- In plain language, straight, with calm love. And patience.
- With stories, and mission, mission, mission. Many do want their lives to have meaning and purpose. Not all, but many.
- With loving candor and authenticity. Just as all of us do not listen well when the preacher acts like a Preacher, millennials do not wish to be lectured to, belittled, or talked down to.
- With sensitivity to their inability to grab eternal truths the same way many of us olders did—“God said it, I believe it, and that settles it for me.” I do remember.
- In relationships, or over coffee, with careful conversations, and with patience.
- In a worship service, often after worship and music that touches their hearts and likes. Unfair or not, this is often true.
What questions are they asking?
- A millennial is always asking the question, “Why? Why would God want me to do that…or why did God say…?”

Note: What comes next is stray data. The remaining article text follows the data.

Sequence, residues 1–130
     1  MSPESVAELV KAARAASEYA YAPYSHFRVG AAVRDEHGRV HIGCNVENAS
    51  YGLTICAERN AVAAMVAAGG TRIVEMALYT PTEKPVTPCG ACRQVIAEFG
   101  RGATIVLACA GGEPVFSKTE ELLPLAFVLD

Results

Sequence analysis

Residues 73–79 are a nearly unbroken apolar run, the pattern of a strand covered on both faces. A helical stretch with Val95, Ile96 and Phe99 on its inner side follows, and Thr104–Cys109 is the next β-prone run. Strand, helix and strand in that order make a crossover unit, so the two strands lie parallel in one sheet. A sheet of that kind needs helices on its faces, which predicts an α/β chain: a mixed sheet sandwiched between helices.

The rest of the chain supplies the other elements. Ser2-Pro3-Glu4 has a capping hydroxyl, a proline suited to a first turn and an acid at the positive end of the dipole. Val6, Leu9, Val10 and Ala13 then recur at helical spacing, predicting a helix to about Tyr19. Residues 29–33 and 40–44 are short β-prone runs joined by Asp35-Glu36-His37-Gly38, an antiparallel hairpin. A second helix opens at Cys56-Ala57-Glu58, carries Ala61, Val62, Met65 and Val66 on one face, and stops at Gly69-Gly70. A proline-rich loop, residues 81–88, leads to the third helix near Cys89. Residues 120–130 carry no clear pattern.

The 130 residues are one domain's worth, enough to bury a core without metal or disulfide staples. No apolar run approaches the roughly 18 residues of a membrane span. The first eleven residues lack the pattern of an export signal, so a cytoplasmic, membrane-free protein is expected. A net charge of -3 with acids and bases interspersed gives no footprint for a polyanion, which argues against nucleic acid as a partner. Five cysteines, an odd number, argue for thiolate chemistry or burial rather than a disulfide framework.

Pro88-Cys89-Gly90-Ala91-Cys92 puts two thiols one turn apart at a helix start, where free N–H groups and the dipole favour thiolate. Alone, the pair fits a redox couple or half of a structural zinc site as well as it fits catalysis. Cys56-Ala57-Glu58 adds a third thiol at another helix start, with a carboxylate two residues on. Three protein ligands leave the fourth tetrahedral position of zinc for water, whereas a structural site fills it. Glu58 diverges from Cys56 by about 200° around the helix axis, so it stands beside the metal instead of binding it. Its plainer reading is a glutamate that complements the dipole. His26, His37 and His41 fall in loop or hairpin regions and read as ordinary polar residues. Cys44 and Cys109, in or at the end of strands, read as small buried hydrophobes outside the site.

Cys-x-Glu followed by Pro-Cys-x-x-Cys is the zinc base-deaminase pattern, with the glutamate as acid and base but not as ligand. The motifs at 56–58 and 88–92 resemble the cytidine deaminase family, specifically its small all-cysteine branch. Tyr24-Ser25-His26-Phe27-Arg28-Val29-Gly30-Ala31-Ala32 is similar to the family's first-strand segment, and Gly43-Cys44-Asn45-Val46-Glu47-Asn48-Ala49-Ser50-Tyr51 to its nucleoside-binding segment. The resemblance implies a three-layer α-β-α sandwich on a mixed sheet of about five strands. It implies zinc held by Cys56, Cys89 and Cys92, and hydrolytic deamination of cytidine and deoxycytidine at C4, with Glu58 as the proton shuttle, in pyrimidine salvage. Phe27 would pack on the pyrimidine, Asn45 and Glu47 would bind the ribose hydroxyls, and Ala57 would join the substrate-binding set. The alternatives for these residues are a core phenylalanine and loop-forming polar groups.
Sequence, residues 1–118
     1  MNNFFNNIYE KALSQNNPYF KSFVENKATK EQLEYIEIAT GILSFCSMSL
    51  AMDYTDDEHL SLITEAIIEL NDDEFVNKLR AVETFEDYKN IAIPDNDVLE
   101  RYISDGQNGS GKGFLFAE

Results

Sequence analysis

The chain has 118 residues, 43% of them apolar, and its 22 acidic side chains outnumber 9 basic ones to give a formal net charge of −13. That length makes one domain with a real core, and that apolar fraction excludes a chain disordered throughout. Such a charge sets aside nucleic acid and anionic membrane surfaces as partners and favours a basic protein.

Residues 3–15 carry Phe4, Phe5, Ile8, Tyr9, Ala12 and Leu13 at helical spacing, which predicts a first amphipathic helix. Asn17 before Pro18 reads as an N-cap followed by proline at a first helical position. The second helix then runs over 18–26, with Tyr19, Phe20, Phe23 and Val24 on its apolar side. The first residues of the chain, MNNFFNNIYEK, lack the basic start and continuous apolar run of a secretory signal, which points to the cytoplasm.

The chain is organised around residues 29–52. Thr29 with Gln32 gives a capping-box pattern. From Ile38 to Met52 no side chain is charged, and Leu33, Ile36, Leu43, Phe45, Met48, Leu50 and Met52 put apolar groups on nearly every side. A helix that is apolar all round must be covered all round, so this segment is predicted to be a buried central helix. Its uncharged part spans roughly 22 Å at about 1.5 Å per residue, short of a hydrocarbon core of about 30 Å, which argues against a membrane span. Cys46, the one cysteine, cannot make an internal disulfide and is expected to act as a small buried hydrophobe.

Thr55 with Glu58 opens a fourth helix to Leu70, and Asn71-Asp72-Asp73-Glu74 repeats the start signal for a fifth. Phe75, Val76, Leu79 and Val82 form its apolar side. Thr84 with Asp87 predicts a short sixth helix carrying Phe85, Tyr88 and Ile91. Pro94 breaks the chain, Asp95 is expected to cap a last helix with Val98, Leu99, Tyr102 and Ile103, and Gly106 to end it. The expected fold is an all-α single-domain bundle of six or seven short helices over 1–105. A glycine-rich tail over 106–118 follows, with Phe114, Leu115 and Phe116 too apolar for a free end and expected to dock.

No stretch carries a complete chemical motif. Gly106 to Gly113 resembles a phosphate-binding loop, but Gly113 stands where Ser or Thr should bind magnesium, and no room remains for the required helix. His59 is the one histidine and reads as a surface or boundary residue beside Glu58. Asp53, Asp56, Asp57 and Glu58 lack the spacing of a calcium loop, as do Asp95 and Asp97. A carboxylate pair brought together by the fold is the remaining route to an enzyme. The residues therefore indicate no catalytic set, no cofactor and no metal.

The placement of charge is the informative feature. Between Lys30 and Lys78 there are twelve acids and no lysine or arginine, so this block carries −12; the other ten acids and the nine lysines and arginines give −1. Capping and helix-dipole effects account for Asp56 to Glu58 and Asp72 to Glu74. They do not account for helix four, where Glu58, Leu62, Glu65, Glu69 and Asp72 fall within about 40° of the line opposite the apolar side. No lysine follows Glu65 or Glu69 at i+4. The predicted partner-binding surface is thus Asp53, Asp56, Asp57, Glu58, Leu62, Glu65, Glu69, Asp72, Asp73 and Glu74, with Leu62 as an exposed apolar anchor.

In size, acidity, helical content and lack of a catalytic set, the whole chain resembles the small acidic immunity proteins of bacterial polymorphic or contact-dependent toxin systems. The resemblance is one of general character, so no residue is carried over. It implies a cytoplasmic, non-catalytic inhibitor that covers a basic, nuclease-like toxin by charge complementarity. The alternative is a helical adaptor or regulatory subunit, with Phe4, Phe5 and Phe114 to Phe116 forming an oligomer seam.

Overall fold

- The second big question is, “Does it work?”
How do they view the Scripture?
- In general:
Millennials view the Scripture as good thoughts and optional actions.A millennial will think more in terms of spirituality, so they will think of the teachings of Christ, and the whole of Scripture, as a way to deepen and improve their lives.They really struggle with the authoritative nature of Scripture.When Scripture is taught this way the reaction tends to be, “That’s the way you view it.”
- Real solid foundational work has to be done so that they can engage the Scripture as authoritative truth.
What can we do to appeal to them?